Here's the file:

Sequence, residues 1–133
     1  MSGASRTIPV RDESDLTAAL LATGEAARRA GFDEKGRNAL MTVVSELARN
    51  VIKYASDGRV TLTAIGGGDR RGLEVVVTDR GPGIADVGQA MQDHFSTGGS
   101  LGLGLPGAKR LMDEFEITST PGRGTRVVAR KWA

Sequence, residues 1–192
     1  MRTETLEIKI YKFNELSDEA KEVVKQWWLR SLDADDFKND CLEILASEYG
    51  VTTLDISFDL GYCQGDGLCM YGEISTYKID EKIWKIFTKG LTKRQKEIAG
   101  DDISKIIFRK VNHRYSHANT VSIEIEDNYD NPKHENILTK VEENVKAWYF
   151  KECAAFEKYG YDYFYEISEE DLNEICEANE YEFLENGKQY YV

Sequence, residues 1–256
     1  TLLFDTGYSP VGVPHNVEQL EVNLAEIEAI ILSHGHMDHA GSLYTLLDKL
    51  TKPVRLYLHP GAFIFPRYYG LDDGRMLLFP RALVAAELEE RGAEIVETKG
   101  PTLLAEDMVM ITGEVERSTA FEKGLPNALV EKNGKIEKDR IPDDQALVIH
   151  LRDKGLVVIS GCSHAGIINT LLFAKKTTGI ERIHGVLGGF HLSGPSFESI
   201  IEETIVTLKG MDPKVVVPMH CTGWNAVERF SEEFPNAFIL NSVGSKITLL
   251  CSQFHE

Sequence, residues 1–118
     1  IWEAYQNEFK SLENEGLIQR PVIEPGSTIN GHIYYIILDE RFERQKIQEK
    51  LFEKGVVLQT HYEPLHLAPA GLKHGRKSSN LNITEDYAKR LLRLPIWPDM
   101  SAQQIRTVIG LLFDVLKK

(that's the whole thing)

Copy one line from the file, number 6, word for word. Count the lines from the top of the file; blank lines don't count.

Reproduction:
     1  MRTETLEIKI YKFNELSDEA KEVVKQWWLR SLDADDFKND CLEILASEYG